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Rebel alliances strengthen in Mali's north, rattling neighboring countries

The northern two-thirds of Mali is now under control of Tuareg and Islamist rebels who want to redraw national boundaries and export revolution. Displaced minorities tell of brutality.

By Derek Henry FloodContributor / June 1, 2012

A billboard at the entrance to King Fahd Bridge in Bamako depicts the country's current political chaos with a weeping north and a questioning south, Wednesday, May 30.

Derek Henry Flood


Bamako, Mali

Here in Mali's capital city, after a military coup, it's not entirely clear who is in charge.

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Mali's elected president, Amadou Toumani Toure, has been thrown out of power by mid-ranking officers. Those officers have put in place a politician, Dioncounda Traore, who was promptly beaten by civilian protesters in his own palace and is now seeking medical treatment in France. The coup leaders, in the meantime, have promised to hand over power to a civilian government once elections have been held, although they have not given a timeline yet. 

Up north, however, there is no question who is in charge.

With the May 26 announcement of an independent state of Azawad, two rebel groups -- the salafist group Ansar Eddine, and the ethnic Tuareg group known as the National Movement for the Liberation of Azawad -- Mali's three vast regions of Timbuktu, Kidal, and Gao, are now effectively out of Bamako's reach. And while many experts had predicted the philosophies of these two groups would keep them at odds -- Ansar seeks a theocracy based on Islamic sharia law, while the MNLA seeks an independent state for ethnic Tuaregs -- there is little sign of competition, and many signs of consolidation.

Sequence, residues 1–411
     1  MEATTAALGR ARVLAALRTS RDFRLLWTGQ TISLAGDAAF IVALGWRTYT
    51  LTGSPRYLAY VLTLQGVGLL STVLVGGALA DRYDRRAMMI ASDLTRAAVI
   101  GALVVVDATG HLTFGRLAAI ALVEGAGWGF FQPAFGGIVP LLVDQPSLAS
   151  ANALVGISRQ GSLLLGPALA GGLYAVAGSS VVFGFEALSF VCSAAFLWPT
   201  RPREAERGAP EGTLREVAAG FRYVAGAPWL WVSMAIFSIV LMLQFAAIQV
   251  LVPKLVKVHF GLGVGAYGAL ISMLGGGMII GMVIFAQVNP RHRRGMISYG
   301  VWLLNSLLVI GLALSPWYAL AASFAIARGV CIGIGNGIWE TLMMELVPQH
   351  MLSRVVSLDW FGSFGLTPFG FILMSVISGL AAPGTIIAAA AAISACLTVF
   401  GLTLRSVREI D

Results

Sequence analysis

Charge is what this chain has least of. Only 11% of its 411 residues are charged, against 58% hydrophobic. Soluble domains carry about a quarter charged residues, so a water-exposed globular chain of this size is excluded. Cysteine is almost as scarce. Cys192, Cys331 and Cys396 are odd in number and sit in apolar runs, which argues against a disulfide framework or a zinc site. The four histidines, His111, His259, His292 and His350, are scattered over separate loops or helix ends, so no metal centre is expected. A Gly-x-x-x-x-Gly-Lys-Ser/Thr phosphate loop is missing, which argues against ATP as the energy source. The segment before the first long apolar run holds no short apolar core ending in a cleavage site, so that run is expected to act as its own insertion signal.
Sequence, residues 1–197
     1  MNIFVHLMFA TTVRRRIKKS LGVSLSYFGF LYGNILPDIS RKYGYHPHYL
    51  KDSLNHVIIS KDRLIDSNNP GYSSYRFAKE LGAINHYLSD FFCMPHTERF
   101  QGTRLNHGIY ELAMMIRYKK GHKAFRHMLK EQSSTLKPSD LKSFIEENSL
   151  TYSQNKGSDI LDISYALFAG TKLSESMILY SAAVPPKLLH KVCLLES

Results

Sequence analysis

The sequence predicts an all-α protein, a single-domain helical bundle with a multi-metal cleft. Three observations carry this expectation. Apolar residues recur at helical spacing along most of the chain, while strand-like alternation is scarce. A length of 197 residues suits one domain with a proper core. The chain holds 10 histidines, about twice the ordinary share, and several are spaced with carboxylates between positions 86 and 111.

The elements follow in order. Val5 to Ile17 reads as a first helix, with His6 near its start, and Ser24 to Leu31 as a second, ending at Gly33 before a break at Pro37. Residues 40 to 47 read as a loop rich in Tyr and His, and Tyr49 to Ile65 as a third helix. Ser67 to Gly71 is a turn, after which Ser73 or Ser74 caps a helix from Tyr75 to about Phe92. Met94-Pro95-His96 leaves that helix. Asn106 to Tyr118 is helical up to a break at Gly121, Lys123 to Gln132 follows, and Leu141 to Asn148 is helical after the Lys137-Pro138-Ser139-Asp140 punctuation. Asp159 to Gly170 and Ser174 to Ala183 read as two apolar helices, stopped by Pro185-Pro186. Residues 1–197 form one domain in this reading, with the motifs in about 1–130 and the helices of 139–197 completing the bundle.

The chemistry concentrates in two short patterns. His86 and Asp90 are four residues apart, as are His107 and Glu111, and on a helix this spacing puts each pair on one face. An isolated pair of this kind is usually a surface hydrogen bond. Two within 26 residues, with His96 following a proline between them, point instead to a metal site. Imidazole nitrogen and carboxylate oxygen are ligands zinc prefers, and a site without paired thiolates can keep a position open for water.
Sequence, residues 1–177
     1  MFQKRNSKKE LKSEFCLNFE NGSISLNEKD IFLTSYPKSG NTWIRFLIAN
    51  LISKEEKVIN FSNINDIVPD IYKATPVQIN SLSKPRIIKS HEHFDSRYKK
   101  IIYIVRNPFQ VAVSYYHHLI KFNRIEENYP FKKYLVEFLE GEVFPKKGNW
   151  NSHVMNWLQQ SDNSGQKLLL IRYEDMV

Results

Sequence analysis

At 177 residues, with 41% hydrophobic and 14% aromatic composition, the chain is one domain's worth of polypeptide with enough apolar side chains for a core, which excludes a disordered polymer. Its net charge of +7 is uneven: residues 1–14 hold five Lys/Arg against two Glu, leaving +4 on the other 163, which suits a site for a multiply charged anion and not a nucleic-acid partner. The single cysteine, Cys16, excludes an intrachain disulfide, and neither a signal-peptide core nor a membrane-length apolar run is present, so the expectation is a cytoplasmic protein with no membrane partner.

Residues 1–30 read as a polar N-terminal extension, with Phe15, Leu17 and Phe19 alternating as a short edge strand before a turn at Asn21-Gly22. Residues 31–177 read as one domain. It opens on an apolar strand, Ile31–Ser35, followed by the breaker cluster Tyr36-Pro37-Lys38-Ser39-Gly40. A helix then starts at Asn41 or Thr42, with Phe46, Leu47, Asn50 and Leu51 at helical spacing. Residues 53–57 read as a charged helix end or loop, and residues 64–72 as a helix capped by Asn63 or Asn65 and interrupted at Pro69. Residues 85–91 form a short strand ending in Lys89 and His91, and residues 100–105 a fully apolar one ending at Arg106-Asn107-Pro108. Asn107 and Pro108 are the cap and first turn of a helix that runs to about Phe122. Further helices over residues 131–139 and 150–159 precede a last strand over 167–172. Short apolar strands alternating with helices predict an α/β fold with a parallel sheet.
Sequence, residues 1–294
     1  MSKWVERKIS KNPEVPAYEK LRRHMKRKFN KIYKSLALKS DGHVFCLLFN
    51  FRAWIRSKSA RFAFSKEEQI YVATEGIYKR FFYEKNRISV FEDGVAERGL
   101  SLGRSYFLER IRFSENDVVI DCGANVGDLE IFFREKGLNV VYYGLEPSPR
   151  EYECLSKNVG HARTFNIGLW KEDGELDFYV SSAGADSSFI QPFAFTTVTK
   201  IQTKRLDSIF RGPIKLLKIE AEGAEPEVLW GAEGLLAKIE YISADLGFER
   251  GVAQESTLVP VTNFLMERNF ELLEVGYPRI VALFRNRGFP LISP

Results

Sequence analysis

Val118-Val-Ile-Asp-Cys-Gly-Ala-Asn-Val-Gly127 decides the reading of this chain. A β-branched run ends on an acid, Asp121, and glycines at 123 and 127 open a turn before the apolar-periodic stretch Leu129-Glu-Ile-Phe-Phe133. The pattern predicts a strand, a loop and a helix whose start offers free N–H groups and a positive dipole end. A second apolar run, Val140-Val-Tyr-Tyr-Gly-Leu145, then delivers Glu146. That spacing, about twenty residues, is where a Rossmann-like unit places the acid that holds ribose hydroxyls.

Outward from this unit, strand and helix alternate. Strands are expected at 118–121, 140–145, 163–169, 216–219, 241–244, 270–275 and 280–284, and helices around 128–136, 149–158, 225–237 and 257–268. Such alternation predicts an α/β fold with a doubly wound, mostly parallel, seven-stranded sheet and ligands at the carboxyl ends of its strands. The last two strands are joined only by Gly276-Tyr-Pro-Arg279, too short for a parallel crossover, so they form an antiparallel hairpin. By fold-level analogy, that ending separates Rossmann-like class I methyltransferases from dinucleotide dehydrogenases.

For Mali's neighbors, some of whom have their own ethnic insurgencies and Islamist rebel groups to contend with, and for aid groups, who had already been warning about a looming food crisis in Mali, this is the worst-case scenario. With two-thirds of Mali's territory now either ungoverned or under the control of groups who seek to redraw national boundaries and to export revolution, the March 22 coup in Mali has given West Africa its own Afghanistan or Somalia, a no-go zone for aid groups and a haven for extremist groups to govern their own affairs, train and arm themselves, and prepare the next revolution across the border. 

On Tuesday, the Economic Community of West African States (ECOWAS) condemned the formation of Azawad. 

"ECOWAS strongly condemns this opportunistic move, which will only worsen the plight of the populations already suffering atrocities and deprivation in the occupied Malian territory, and further threaten regional peace and security," ECOWAS said in a statement.

Ansar Eddine, which is said to have two distinct jihadist groups – Al Qaeda in the Islamic Maghreb (AQIM) and the Movement for Unity and Jihad in West Africa (MUJWA) – has been hoisting black banners similar to those used by the Islamic State of Iraq at the height of Iraq’s Sunni insurgency in Baghdad. Ansar says that it seeks not to secede from the Malian republic but to create a theocratic state.  


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